This segues into my topic for today…the guts, the intestines, and GI issues on the run. I know some of us runners are ‘blessed’ with more than our fair share of these troubles and I’m one of them. Sometimes it’s totally unpredictable and you just do a slight prayer to the running Gods before each hard workout, race, or long run that you won’t have a GI disaster.

The tricky thing with these types of things is that they are different for everyone and really tough to nail down a remedy for. Experts suggest:

* Eating bland foods that sit easy in the stomach. You could call these ‘low residue’ foods, they don’t have much bulk (read as fiber). Examples would be plain, white rice; Dathan Ritzenhein goes to this before his big races because he knows that is what works for him. Other athletes find that drinking their last meal of caloric intake keeps them safe; just make sure it’s a drink that is more than just electrolytes and actually has carbohydrates and sustenance.

* Don’t over-eat. I have a very temperamental stomach and to be quite frank like to run first thing in the morning before breakfast. If I were training and had a hard workout I’d get up earlier and have some oatmeal, but it would have to be a few hours before. Planning your meals helps, and you can revisit my article about ‘Timing Your Fuel’ in Running Times.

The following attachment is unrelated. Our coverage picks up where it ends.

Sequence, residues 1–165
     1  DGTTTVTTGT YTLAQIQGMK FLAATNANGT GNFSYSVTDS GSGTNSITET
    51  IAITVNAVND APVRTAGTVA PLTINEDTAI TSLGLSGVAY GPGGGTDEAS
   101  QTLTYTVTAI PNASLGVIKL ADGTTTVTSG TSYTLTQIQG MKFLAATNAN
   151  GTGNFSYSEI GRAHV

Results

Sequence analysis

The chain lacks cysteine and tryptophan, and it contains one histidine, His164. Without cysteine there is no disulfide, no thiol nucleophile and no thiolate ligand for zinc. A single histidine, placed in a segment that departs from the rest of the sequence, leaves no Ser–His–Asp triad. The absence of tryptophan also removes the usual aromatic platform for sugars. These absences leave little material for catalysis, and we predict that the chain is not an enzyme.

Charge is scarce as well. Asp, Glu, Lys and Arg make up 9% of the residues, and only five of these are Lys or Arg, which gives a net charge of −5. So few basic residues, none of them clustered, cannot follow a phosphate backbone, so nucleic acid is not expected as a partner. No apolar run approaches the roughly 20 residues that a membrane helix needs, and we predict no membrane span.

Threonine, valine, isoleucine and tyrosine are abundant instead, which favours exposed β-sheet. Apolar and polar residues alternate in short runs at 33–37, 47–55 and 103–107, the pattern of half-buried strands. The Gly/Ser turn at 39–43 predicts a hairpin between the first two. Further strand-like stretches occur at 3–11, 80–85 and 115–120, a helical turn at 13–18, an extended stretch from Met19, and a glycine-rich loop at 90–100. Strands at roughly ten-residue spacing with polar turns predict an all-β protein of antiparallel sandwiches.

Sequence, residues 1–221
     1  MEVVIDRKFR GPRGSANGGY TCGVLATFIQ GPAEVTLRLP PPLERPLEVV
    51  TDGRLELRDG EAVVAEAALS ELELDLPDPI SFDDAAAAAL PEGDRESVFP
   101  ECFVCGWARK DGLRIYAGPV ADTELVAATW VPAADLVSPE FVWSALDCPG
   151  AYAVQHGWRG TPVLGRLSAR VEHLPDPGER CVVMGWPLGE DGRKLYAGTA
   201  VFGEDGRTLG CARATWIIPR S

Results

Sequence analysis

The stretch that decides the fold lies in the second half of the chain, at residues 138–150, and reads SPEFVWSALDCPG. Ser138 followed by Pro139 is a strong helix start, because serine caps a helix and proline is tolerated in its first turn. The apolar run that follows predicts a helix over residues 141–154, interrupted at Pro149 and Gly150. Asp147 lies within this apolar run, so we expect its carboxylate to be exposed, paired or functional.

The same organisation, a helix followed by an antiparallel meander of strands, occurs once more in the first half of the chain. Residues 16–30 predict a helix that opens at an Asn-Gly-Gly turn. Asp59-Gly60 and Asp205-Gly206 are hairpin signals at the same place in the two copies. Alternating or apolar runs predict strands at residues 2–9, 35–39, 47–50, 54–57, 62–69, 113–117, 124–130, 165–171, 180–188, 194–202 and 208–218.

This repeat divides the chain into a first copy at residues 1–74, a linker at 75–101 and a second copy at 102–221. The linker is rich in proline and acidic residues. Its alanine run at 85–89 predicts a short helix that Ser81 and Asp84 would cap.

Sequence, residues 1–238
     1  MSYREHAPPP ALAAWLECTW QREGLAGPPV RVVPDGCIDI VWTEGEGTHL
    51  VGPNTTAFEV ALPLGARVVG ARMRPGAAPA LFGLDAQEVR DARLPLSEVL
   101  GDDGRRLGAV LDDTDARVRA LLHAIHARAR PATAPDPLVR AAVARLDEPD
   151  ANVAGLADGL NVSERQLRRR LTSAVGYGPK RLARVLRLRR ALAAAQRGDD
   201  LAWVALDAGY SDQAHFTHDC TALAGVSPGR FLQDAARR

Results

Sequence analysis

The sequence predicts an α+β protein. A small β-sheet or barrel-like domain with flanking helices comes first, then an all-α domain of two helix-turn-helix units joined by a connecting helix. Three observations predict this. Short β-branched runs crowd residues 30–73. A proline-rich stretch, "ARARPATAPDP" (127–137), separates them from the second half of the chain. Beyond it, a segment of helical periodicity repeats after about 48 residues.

poop book

Real book, I made it, you want one? :)


* Eating on the run. If you’re training for a marathon or doing a really long workout things get even more complicated. During exercise the blood is being sent to your muscles doing the work and all the energy being spent is geared towards getting you to perform; this means that there isn’t the extra blood supply to then go to your stomach and start doing a ton of digesting. For this reason that’s why sometimes people can get into trouble eating just too much during their event; estimates are that you should consume roughly 200 calories per hour of exercise if you’re running more than one hour but everyone is different. Again, liquids are your friend.